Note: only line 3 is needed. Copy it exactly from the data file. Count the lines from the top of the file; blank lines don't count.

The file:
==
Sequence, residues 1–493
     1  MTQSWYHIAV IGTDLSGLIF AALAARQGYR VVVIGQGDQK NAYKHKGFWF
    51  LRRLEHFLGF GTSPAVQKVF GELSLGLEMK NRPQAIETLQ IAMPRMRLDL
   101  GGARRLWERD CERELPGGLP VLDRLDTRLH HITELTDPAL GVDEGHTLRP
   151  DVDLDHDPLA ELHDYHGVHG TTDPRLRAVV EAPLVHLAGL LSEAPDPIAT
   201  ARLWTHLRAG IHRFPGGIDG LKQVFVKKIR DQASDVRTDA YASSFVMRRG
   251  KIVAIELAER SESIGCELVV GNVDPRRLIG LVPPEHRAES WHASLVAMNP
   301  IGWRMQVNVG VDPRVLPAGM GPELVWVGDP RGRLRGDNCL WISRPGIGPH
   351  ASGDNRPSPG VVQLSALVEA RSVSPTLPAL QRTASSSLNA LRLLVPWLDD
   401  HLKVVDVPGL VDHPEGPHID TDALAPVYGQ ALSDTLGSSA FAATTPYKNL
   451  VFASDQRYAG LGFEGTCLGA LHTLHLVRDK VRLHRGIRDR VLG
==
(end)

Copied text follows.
    51  LRRLEHFLGF GTSPAVQKVF GELSLGLEMK NRPQAIETLQ IAMPRMRLDL